An autistic feminist author looks at women's history, in search of her 'weird sisters'.
It seemed to me that many of the moments when my autism had caused problems, or at least marked me out as different, were those moments when I had come up against some unspoken law about how a girl or a woman should be, and failed to meet it.
An autism diagnosis in midlife enabled Joanne Limburg to finally make sense of why her emotional expression, social discomfort and presentation had always marked her as an outsider. Eager to discover other women who had been misunderstood in their time, she writes a series of wide-ranging letters to four 'weird sisters' from history, addressing topics including autistic parenting, social isolation, feminism, the movement for disability rights and the appalling punishments that have been meted out over centuries to those deemed to fall short of the norm.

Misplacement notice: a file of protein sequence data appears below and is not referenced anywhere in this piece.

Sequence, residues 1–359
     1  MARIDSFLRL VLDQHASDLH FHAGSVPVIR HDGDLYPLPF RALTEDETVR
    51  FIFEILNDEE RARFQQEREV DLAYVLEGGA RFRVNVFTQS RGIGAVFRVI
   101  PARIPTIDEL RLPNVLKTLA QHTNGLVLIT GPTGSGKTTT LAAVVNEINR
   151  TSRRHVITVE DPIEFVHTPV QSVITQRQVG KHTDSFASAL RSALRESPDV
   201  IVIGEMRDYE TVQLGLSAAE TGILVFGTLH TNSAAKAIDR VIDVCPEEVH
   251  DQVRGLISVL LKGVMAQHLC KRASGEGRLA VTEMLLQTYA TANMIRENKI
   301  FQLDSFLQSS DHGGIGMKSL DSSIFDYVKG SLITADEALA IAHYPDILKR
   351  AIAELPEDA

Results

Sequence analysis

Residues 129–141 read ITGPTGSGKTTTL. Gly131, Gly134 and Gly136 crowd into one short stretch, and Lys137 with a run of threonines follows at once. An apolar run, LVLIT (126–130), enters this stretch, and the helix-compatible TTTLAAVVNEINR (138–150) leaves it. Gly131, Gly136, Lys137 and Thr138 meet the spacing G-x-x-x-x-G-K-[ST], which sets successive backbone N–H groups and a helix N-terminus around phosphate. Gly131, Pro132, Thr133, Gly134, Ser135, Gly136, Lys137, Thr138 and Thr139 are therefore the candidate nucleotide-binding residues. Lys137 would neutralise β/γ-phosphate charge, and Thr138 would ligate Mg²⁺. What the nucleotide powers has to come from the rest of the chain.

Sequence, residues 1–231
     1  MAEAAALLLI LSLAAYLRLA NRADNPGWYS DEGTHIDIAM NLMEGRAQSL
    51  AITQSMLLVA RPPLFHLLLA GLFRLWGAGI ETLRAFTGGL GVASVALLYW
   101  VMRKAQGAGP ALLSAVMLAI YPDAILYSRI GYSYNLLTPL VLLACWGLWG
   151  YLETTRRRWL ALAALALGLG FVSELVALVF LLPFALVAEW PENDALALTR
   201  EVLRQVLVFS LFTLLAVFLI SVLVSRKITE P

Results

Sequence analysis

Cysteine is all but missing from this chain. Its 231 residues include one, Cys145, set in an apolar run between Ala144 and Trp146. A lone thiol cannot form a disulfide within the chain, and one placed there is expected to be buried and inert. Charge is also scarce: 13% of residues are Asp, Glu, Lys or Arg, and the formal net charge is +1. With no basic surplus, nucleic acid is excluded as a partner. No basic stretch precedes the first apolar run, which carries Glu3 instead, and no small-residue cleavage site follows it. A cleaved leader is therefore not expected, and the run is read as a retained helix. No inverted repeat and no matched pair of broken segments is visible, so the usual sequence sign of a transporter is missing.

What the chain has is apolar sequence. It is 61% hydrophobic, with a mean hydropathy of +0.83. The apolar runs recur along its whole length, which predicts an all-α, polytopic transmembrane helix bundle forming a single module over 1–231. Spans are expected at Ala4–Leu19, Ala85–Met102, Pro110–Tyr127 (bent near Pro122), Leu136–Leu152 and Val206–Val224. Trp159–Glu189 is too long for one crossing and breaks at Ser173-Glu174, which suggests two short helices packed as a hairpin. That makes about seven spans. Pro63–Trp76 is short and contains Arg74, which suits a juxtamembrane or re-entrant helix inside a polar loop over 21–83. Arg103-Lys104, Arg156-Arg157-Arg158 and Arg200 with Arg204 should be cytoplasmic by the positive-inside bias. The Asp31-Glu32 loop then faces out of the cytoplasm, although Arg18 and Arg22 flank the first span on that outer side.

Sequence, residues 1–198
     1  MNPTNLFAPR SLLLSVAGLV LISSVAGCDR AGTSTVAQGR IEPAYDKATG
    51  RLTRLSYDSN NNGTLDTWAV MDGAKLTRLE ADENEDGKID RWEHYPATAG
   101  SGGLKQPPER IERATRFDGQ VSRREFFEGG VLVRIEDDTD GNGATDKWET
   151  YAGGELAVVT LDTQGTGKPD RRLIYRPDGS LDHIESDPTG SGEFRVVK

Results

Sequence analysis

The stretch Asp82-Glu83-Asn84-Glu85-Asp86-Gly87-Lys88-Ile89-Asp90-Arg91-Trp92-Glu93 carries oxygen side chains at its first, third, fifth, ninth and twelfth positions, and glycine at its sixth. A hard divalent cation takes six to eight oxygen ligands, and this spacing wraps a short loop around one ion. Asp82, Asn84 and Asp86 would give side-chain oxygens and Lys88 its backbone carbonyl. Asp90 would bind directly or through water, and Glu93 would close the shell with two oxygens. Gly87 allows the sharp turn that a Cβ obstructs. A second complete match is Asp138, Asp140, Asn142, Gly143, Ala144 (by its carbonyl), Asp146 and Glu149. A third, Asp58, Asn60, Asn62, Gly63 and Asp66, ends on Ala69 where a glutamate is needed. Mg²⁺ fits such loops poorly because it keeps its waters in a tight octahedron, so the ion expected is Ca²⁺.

This heartfelt, deeply compassionate and wholly original work humanises women who have so often been dismissed for their differences, and will be celebrated by 'weird sisters' everywhere.
Joanne Limburg is the author of two memoirs (The Woman Who Thought Too Much and Small Pieces), one novel (A Want of Kindness) and three collections of poetry: Feminismo, which was shortlisted for the Forward Prize for Best First Collection, Paraphernalia, a Poetry Book Society Recommendation, and The Autistic Alice. Her children's poetry collection, Bookside Down, was runner-up for the CLiPPA Poetry Award. She lectures at Cambridge University's Institute of Continuing Education and lives in Cambridge with her husband and son.
Health & Fitness
Gender studies: women